ASUCR: Pro-divestment support reflected in audience turnout

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Jason Lin/HIGHLANDER
Jason Lin/HIGHLANDER

Emotions were high when senate resolution 18 (SR 18), calling for divestment from companies that allegedly profit from human rights abuses against the Palestinian people, scraped past the ASUCR senate at a close margin of 8-7-0. The resolution, spearheaded by Students for Justice in Palestine (SJP), was voted under a secret ballot vote and drew over 150 audience members from the UCR community.

The senate meeting was temporarily relocated to the University Lecture Hall to accommodate the outpouring of audience members, last seen at the last divestment meeting back in February. At the time, senators controversially divided the audience by “pro-” and “anti-” divestment sides prior to voting on a similar divestment resolution that ultimately failed to pass.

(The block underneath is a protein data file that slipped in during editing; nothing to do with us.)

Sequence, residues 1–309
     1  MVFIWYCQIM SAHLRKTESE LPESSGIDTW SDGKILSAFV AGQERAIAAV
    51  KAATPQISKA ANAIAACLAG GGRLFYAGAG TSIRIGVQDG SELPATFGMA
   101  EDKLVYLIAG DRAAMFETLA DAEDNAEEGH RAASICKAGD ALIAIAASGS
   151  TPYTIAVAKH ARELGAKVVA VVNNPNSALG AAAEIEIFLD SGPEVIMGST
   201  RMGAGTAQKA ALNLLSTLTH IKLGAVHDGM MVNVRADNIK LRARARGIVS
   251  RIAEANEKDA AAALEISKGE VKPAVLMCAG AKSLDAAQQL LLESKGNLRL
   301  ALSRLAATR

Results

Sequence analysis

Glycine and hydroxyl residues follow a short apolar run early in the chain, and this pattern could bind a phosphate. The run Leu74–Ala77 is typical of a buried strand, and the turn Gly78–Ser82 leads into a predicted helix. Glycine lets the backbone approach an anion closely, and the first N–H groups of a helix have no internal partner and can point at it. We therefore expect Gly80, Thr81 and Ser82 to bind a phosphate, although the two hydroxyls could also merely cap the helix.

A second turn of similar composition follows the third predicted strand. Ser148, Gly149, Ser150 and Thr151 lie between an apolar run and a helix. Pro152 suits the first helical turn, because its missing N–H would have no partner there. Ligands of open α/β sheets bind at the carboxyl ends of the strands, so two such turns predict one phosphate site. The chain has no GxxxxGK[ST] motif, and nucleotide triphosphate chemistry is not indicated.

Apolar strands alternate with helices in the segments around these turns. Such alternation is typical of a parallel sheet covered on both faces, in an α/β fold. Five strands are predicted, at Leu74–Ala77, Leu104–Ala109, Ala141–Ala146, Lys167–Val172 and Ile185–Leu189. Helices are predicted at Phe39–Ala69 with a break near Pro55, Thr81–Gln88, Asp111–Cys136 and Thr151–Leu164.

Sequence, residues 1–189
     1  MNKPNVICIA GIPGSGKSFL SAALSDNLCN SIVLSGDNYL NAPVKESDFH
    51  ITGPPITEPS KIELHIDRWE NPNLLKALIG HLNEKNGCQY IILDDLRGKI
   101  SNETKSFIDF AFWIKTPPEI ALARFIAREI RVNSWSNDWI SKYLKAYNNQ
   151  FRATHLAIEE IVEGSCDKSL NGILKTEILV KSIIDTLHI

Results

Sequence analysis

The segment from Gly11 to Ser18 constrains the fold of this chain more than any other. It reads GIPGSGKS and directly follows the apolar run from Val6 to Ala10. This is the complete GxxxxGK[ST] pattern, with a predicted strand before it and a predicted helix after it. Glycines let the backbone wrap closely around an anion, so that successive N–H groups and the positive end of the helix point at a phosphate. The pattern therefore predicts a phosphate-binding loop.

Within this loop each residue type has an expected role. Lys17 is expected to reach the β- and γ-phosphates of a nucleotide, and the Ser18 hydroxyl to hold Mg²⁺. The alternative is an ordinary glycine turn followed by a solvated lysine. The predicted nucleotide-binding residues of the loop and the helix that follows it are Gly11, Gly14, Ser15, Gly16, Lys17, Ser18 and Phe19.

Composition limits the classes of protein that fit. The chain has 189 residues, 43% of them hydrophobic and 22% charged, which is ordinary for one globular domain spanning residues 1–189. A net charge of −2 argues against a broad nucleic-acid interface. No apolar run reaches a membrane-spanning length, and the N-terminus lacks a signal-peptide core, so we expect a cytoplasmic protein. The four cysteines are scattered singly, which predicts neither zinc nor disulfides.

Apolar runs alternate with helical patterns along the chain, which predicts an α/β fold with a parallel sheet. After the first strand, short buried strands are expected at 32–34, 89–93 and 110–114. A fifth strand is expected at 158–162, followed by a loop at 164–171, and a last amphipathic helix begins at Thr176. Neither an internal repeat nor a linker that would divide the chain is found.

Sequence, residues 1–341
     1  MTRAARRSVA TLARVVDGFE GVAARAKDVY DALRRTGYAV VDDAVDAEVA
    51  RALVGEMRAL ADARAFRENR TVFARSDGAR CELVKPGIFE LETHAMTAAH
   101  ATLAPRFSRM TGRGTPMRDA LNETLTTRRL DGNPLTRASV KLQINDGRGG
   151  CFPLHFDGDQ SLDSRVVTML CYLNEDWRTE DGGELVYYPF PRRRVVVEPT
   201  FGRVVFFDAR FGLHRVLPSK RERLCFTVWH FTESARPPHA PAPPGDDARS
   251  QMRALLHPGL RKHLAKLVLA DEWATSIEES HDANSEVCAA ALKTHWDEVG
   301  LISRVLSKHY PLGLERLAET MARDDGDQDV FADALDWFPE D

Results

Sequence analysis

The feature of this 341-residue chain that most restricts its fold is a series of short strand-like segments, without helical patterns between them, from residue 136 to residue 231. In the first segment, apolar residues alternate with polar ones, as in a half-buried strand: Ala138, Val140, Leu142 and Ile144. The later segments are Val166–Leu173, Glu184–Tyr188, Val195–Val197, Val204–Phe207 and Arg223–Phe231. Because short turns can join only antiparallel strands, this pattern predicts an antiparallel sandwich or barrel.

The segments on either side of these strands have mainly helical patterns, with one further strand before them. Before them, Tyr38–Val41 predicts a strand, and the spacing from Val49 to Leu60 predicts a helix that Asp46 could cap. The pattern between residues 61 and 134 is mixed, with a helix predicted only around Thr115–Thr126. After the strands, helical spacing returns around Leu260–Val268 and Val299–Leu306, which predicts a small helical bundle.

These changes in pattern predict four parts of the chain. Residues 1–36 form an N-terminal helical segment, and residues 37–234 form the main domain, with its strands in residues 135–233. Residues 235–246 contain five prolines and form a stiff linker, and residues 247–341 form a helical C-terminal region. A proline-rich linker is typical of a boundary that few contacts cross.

During last week’s meeting, SJP representatives Tina Matar, Arman Azedi and ASUCR Senator Shadi Matar delivered a presentation, arguing that the aims of bill were to dissociate the UC and UCR from companies such as Caterpillar and Cemex.

“This is a student issue,” stated Tina Matar. “We pay tuition, we pay the UC fees, we are UC students (and) we should have a say where our money goes.” The representatives stated that the bill was not an attack on Israel or singling out of students, but rather of corporations profiting from Palestinian human rights violations.

Signs and Palestinian flags often flew up from the pro-divestment audience members, while only a trickle accumulated from those against the resolution.

Shadi Matar argued against an existing “double standard” when it came to delivering any pro-Palestinian or pro-divestment resolution that is seen as divisive.